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Easter Island

Easter Island EP album art

For being named after the world’s most famous blocks of stone, the guys in Easter Island are surprisingly nimble.

There’s the requisite hard-pounding rock, for sure (essential for a group literally named after rocks), but the greatness of their new EP “Easter Island,” is found in the fleetness of foot of a band well-honed after years on the bar circuit.

“Really good bands are able to re-create that feel in the studio,” said Reese Hoeg, bass player and one of two singers and songwriters in Easter Island, along with guitarist Neal Hibala. Drummer Nate Friskorn rounds out the trio.

The six-song EP is made up of the group’s core setlist, refined over the last several years frequenting Missoula bars and rock clubs, supporting on KBGA Endofthon shows and Freecycles bills.

It was recorded, essentially, live-to-tape in Missoula’s Levitation Recording & Tapes. Producer Jake Chadwell helped Easter Island add some rhythm guitar and vocal overdubs. The tracks were laid down in one day.

“That was pretty much it,” Hoeg said. “I think we set a record.”

The six songs reflect a band in tight motion, each song with tempo changes and solo sections that sound jammy and improvised, but Hoeg assured were carefully considered.

Album highlight “Lawnmower,” combines three or four different chugging riffs, never letting up as Hibala easily swings from one vine to the next.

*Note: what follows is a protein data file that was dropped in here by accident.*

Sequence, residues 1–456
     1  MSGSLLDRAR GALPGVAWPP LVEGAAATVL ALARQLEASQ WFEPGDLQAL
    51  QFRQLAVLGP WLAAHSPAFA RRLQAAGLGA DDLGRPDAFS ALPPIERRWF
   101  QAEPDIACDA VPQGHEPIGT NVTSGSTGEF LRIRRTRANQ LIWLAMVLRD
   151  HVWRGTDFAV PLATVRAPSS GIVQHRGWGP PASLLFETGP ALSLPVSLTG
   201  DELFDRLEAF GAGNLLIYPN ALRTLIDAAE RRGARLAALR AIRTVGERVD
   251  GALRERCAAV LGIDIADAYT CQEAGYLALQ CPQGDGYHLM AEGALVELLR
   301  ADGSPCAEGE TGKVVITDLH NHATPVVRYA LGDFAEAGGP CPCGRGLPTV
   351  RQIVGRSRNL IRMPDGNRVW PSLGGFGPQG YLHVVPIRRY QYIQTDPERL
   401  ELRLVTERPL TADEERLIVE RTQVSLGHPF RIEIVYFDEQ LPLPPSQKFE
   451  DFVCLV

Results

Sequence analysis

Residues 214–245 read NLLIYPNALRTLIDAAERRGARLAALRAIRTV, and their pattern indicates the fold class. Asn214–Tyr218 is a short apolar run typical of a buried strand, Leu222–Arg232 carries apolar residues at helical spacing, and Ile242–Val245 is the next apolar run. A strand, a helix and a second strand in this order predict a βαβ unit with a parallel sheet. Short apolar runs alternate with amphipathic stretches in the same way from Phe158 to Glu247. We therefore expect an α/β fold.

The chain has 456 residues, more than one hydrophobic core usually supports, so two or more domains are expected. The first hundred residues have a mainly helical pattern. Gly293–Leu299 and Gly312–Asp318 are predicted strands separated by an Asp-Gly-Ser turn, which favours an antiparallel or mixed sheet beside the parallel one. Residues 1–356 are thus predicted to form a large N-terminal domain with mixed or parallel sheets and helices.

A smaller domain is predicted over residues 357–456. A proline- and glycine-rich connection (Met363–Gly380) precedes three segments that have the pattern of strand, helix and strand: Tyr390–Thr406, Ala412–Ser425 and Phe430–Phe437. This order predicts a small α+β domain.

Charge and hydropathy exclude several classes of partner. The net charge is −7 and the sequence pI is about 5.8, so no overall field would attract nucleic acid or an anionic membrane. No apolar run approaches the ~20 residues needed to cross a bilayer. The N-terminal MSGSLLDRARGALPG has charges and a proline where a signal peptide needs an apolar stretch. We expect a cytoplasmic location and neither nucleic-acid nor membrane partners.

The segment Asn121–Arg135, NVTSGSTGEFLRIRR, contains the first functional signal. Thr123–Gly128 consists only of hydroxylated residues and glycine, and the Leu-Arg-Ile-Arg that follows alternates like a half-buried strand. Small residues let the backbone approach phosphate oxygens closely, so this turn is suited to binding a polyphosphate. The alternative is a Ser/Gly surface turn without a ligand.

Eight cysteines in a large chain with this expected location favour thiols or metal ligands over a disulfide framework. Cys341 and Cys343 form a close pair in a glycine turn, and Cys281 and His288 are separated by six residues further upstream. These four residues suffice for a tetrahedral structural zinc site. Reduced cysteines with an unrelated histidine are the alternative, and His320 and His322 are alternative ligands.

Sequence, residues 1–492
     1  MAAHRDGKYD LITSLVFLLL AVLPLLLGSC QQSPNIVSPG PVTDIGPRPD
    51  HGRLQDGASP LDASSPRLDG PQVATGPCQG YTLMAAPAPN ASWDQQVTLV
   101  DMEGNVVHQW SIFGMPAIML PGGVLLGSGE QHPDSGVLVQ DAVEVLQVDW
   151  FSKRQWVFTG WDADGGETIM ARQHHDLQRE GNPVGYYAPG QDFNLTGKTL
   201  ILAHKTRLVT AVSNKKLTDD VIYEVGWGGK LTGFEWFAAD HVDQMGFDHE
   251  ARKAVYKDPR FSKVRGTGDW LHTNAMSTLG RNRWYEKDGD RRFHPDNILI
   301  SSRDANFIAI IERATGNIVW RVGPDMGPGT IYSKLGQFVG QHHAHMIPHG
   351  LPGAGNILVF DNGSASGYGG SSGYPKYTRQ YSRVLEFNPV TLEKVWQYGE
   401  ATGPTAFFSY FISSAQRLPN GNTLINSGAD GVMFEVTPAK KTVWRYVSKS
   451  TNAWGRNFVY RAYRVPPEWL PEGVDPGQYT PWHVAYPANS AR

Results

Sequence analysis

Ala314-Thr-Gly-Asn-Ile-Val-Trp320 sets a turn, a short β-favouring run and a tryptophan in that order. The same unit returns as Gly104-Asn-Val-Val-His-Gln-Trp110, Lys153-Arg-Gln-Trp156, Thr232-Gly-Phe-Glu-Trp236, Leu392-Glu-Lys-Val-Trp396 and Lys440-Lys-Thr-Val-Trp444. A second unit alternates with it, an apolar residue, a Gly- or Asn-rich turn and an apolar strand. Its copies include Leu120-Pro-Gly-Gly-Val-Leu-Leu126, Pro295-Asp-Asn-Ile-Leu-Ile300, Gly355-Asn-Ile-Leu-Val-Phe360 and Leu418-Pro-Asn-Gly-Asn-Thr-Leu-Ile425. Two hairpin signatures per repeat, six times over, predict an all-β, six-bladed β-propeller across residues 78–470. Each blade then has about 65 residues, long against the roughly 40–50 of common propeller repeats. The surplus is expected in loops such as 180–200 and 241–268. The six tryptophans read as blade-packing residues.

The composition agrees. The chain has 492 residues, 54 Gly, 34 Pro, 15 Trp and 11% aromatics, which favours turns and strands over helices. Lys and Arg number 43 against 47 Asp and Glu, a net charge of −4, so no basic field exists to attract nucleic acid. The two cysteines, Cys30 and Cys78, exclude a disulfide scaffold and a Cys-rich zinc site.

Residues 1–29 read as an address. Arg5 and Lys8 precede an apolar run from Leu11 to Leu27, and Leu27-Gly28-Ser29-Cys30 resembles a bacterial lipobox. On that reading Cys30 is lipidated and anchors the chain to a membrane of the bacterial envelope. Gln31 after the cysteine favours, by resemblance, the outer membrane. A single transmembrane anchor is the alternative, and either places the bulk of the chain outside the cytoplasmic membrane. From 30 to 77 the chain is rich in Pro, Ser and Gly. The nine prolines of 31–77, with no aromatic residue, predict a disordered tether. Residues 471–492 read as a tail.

Similar sounds are found on closer “Lava Lamp,” an extended outro of jamming that slides into a half-tempo pocket before giving each band member the room to stretch out and show their stuff. The track feels celebratory, fun and flaunting, the sweaty, moshy dance song to end the night.

Hoeg’s fuzz bass lays down a walking rhythm in “Let’s Die,” the kind of slow-mo headbanger that counts as the ballad on this type of record. Hibala, fittingly, rises up out of the post-chorus morass with a beautiful guitar solo.

“Old Fashioned” pulls some nu-metal influences from Hoeg’s teenage years, the almost-rapped verses giving way to an ending chant that gives one the potent recipe for the Easter Island Old Fashioned: “Blood orange juice/black velvet whiskey/cherry cyanide.”

Hoeg and Hibala split the album’s songwriting credits, each pulling a bit from their own wells of influence, with standard bearers like Led Zeppelin, Nirvana and the Pixies providing the foundation. There might be a bit of Tool influence (Hibala) or, as mentioned, bits and pieces that sound a bit like Slipknot or Korn, or even Interpol (Hoeg).

What it all turns into is a record that can stay in the car CD player for months, soundtracking windows-down spring drives or ski road trips with equal ease; who isn’t down for a fuzz-powered party?

The EP marks a singular point in Easter Island’s life, Hoeg said. The group knew they wanted these songs (as well as an additional seven tunes tracked in the fall, to be released) on tape, before taking stock.

“If we wanted to retool the band we could,” Hoeg said, “but all that stuff would be immortalized.”

In other words, set in stone.

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Arts and entertainment

arts reporter for the Missoulian.